Top 10 best practices in Bible teaching

A friend recently posed the question to me of best practices in Bible teaching and we had a great discussion about what we believed were the most effective pedagogical strategies.  We were not aware of any empirical research in this area, and so I submit a partial list to you drawn mostly from experience, and invite you to suggest other practices or disagree with one I have listed! The only criteria is that your suggested practice must be applicable across the grades and must be something that could be done (for example, a trip to the Holy Land would be wonderful, but not possible for all!)

Category 1 – The Basics

1. Storytelling

2. Scripture memorization

Category 2 – Application

3. Questions

4. Dilemmas/case studies

Category 3 – Personal Response

5.  Journaling

6. Worship

7. Service

What else would you add?

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2 Comments

Filed under Bible memory, classroom, curriculum, student outcomes, worship

2 responses to “Top 10 best practices in Bible teaching

  1. Debbie

    What a great idea (and challenge)! My input is probably far too wordy for your purposes, but I enjoyed giving it some thought. Perhaps someone can pare it down! The (T) and (Ss) indicate whether the practice is primarily a teacher tool or the student action.

    Category 1—The Basics
    1. Storytelling (T)
    2. Summarize (Ss)
    3. Memorize Scripture (Ss)

    Category 2—Principles and Application
    4. Questions –Designed to assess comprehension and promote thinking (T)
    5. Discussion—Guide toward identifying meaning (T)
    6. Identify Biblical truths and attributes of God demonstrated in the story; articulate a relevant Biblical principle from which to develop a personal response (Ss) (Guided by (T))
    7. Dilemmas/case studies (T)

    Category 3—Personal Response
    8. Reflect and Express (ie. Purposeful Journaling, Praying, Writing Music, Illustrating) (Ss)
    9. Participate in God –centered Worship (individual or corporately ((ie. plan and present Chapel)) (Ss)
    10. Initiate Other-oriented Service (Ss)

    • Johanna Campbell

      Dear Friends,
      An excellent list of Bible teaching strategies! I have written a doctoral thesis on exactly that topic, so I would like to add a few comments to that list:
      1. Story telling of the entire Bible from creation to new creation. Students need to hear the story told and be able to tell it back to the teacher. Students also need to see the entire picture and their own place in God’s plan of salvation, i.e. that we are waiting for the second coming of our Lord Jesus Christ. And don’t leave out the book of Revelation even if Calvin did not write a commentary on it! Read it out loud with your students, use the doxologies in your chapels and study the descriptions of our Lord Jesus Christ, for starters. It is such a rich book.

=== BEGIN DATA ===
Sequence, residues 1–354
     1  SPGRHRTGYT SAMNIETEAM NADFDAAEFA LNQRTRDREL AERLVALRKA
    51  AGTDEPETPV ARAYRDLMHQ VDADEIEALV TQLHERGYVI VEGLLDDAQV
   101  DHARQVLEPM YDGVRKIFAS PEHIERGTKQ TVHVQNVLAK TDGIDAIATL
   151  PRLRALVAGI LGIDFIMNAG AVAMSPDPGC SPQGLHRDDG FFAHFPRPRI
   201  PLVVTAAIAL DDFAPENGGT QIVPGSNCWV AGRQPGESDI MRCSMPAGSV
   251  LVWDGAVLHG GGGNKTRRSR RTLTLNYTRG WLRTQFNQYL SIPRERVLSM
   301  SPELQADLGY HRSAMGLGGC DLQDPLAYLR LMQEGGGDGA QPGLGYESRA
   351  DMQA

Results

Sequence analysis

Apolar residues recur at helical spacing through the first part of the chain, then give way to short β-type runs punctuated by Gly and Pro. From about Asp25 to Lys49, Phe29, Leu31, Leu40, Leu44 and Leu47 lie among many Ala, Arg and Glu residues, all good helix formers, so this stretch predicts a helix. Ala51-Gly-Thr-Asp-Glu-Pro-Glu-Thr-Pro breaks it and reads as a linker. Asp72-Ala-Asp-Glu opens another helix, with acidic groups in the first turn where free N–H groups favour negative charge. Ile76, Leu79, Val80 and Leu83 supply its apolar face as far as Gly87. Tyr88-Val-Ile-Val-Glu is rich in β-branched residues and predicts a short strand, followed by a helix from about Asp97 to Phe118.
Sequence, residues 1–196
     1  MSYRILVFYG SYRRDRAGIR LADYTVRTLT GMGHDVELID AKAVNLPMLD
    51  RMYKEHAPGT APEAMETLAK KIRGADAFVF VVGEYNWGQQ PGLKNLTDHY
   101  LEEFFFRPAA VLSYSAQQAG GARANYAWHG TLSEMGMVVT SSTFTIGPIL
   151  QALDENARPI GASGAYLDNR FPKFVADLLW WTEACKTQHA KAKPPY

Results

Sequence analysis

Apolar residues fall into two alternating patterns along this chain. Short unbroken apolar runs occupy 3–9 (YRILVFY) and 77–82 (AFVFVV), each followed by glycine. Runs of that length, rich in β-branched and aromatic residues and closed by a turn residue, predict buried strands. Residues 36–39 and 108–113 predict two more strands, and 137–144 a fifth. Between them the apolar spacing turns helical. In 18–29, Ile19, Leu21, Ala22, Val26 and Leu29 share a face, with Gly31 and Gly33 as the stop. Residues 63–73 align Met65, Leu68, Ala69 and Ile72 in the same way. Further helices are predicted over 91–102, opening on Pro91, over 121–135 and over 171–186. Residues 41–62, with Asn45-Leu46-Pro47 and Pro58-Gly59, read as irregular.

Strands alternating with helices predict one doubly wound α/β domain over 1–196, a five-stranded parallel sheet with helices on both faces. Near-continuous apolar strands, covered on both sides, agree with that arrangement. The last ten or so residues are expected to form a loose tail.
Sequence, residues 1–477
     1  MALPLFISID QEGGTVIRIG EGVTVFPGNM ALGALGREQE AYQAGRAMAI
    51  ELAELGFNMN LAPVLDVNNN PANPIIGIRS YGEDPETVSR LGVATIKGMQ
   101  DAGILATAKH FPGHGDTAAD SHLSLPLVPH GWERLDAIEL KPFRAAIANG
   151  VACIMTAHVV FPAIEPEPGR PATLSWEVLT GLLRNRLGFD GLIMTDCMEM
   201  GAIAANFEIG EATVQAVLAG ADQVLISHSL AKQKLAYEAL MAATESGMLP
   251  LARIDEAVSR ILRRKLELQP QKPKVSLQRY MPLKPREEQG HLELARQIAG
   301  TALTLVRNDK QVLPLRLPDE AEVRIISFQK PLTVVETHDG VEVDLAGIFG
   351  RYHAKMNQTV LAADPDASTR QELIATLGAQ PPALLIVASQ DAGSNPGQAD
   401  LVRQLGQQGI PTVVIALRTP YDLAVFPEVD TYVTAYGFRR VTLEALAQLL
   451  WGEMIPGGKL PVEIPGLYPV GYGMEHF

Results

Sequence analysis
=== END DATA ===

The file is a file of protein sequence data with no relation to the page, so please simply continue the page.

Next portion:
2. Expect the Bible to be the living, enduring Word of God and make room for the Holy Spirit and the Word to work together! It seems redundant to say this, but do not reduce your Bible lesson to a history lesson. You are dealing with God’s very words, made flesh in the Lord Jesus Christ who said: My word is Spirit and my word is life. Expect the Holy Spirit to be working during your Bible lessons.
      3. The Holy Spirit works in individual lives and also in the body of Christ. Studying the Bible in the community of the classroom gives a wonderful opportunity to listen to what the Holy Spirit is saying to each individual student/teacher about certain stories and passages. Make the most of this wonderful setting! Where two or three are gathered…
      4. Adding to comment number one about creation to new creation: study the Bible in canonical order: no ‘snipification’ or giving the students bits and pieces here and there. They need to see the entire picture of Creation, Fall, Redemption and Restoration in order to realize their own place in God’s history. Students need to study BOTH the old and new testaments equally.
      5. Finally, be Trinitarian in your approach: don’t focus only on one Person of the Holy Trinity, but emphasize the work of God the Spirit, God the Son and God the Father equally. How the Trinity interacts in a perfect relationship of love is our model for interaction.

      I could go on and on, but please, as teachers, model a love and passion for God’s Word. Then your students will love the God of the Word as well.
      Shalom,
      Johanna Campbell.

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